I first create an object, ie, an instantiation of a parent script, usually before the movie starts in the 'on prepareMovie' handler.

gResetAnimations = new(script "ResetAnimationsScript", param1, param2)

gResetAnimations is a global variable. It's not the timer. It's just handy to have an object for each timer you create if you have parameters (param1, param2) associated with the workings of the timer specific to what the timer does in your app. There is a cast member in the movie, a parent script, named ResetAnimationsScript in the "cast" window, which contains the media elements of the movie. And then in the next line of the 'on prepareMovie' handler I create the timer:

dummy = timeOut("ResetAnimations").new(VOID, #ResetAnimations, gResetAnimations)

Let me explain the above line. The above line names the timer ResetAnimations. The 'period' of the timer, ie, the number of milliseconds it runs before timing out, is set to VOID because I don't want the timer to run just yet. You can assign a handler to a timer so that when the timer times out, the code in the handler runs. When ResetAnimations times out, it runs the ResetAnimations handler. And the associated object of the timer is gResetAnimations; the timer will look in that object first for the ResetAnimations handler, though the handler can just as well be in any movie script.

It should also be noted that there is a bug in Director 8, 8.5, and 8.5.1 (the most recent version as of this writing) which necessitates the dummy part in the above line of code. If you do not assign the timeOut object to a variable, Director does not dispose of the memory for the timeOut object correctly and a memory leak (and possibly worse) results. However, the above takes care of the problem. Thanks to Jakob Hede Madsen for pointing this out.

Now let's look at the ResetAnimationsScript. What this code does is reset animations back to their first frame if they are playing when the timer times out, which happens when new sounds begin playing.

property theParam1, theParam2


on new me, myParam1, myParam2

  me.theParam1 = myParam1

  me.theParam2 = myParam2

  -- This is the constructor of the object, ie, this code runs only when the object is created. theParam1 and theParam2 are not functional in the example code here but are included just to show how to pass and use such parameters when creating objects. This particular object has two pieces of data (theParam1, theParam2) and one method or handler (ResetAnimations).

  return me




on ResetAnimations me

  global gSoundIconsPlaying, gBeatLength, gFreezeSprite, gInVerse1

  if gInVerse1 then

  --if we are in Verse One of Nio

    if sprite(gFreezeSprite).up then

    --if the Start/Stop button is up

      repeat with Channel= 3 to 8

      --Director has 8 channels of stereo sound at once

        if gSoundIconsPlaying[Channel]<>0 then

        --if there is an animation playing in the Channel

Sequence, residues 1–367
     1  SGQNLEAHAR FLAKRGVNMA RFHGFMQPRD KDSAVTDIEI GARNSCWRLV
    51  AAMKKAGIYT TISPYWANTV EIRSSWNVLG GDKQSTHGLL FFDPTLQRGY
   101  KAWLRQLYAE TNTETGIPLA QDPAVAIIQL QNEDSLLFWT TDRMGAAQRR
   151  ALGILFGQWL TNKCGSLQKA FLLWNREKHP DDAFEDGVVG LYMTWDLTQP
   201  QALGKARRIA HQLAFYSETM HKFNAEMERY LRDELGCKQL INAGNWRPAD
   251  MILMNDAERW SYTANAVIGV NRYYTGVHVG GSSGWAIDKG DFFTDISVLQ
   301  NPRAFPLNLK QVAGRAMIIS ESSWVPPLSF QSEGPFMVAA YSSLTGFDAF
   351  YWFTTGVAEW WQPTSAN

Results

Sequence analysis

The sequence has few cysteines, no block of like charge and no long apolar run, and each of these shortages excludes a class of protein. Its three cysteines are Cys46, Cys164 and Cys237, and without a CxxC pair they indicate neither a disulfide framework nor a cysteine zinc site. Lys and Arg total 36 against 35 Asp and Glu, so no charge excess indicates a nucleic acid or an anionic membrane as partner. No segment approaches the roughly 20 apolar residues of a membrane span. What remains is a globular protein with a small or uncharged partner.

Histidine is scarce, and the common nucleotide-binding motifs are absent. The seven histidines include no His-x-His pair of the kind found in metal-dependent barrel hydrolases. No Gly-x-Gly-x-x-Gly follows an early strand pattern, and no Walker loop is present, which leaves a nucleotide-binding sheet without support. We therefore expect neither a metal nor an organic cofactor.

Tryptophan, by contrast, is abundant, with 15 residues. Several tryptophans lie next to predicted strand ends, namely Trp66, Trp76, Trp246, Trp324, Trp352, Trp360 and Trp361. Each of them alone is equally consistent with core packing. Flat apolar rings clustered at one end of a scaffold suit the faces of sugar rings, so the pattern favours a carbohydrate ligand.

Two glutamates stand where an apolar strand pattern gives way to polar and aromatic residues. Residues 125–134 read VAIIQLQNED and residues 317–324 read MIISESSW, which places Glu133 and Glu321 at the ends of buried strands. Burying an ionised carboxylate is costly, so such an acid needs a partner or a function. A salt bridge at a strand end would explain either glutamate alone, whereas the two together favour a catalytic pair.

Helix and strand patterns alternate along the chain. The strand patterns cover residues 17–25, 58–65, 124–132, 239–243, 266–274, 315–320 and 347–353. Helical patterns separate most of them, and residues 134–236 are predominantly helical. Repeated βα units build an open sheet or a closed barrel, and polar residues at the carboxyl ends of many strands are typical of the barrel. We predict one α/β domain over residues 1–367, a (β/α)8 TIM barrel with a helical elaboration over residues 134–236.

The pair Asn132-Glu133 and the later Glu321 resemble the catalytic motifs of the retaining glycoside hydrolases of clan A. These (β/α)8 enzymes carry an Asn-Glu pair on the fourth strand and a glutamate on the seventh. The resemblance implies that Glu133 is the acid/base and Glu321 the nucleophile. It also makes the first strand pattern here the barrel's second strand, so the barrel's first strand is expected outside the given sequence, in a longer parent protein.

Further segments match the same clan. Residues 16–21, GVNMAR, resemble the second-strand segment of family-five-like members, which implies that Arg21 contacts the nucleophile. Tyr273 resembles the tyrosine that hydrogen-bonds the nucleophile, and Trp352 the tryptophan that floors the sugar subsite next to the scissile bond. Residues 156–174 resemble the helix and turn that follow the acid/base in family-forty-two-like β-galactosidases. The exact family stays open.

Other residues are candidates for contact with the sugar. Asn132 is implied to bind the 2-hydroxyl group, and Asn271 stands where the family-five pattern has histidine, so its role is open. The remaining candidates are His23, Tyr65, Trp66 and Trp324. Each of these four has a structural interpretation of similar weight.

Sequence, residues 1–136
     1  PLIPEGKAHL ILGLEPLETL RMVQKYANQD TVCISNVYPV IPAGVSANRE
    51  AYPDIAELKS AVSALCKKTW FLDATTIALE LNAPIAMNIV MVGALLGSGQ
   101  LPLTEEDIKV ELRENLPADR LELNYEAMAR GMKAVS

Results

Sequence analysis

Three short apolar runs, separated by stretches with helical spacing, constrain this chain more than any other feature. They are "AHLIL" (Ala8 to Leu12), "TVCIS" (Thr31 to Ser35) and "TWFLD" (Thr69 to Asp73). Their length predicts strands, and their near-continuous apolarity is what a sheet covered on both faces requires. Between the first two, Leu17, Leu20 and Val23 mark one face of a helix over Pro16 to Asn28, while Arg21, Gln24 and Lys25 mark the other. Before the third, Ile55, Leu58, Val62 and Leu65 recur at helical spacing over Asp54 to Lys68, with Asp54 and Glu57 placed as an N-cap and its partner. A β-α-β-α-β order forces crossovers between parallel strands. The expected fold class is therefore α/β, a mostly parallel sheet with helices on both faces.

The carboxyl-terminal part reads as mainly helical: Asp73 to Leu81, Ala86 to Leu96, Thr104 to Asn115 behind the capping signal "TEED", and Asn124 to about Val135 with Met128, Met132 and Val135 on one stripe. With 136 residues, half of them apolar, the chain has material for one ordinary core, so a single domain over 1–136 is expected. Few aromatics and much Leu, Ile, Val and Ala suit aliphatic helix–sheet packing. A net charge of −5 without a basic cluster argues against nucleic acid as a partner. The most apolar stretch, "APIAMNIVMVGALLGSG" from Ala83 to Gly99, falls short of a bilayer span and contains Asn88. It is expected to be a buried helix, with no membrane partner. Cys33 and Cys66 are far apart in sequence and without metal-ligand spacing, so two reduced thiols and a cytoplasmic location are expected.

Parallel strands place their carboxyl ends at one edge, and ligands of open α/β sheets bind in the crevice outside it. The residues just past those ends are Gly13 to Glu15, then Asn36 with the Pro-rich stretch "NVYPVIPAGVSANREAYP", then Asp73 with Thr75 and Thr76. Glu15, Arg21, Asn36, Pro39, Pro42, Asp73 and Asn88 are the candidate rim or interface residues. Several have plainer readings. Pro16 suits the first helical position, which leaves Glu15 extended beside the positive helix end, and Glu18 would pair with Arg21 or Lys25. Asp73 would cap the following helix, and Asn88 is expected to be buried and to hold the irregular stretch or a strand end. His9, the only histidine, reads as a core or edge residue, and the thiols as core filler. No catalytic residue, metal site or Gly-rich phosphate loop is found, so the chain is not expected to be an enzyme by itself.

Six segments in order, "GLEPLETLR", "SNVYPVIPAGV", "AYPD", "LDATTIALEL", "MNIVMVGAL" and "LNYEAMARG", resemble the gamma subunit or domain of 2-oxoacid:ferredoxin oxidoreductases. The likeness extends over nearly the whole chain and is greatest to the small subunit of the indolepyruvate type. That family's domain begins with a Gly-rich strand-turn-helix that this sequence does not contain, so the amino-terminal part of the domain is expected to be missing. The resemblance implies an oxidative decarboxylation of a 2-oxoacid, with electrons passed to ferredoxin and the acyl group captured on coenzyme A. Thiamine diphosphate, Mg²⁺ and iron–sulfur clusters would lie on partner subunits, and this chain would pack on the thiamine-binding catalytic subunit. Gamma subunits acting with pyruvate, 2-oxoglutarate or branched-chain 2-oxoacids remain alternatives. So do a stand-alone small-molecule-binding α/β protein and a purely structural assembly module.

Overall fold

animToReset = sprite(gSoundIconsPlaying[Channel]).itsAnimation)

          --name the animation to be reset


          --reset the animation to frame 1


          --play the animation

        end if

      end repeat

      timeout("ResetAnimations").period = VOID

      --stop this timer (it will be restarted by the next cuepoint passed)

      timeout("AdjustAnimationSpeeds").period = gBeatLength

      --start the timer that goes off at the end of each beat

    end if

  end if


Note that the timer turns itself off with the line

timeout("ResetAnimations").period = VOID

and starts a different timer with the line

timeout("AdjustAnimationSpeeds").period = gBeatLength

The latter timer is the one that adjusts the frame rate of the animations at the end of each (except the last) beat of music for each sound.

In general, once you have created a timer, you start it, as in the last line of code, by assigning its period some number which determines how long it will run before timing out. If you do not set its period to VOID, then the timer will run again.

Something else to note about timeOut target child objects is that they receive stopMovie events. Thanks to Alex da Franca for this information. I was experiencing an odd thing: my stopMovie handler in a movie script was getting called twice. The stopMovie event was being sent to the timeOut target child object; the target child object contained no stopMovie handler, so the message was passed along the message hierarchy, and the movie script ran it twice. The moral of the story is that you can put a stopMovie handler in the timeOut target child object which will destroy the timer, and then the stopMovie handler will not be called twice.

on stopMovie me, timeOutObjectRef

  if ilk(timeOutObjectRef)= #timeout then timeoutObjectRef.forget()


For more information on timer objects, check out Enigma n2, which uses them. The source code is available. Also, see Using Director Shockwave Studio. Additionally, consult the following terms in the Lingo Dictionary:

  • forget()
  • new
  • period
  • persistent
  • target
  • time (timeout object property)
  • timeout()
  • timeoutHandler
  • timeoutList



Poem in transition





[ Nio Home [ Nio ]  [ About ]  [ Now (then) 1 ]   [ Source ]  [ Bio ]  [ Song Shapes ]  [ Reviews ]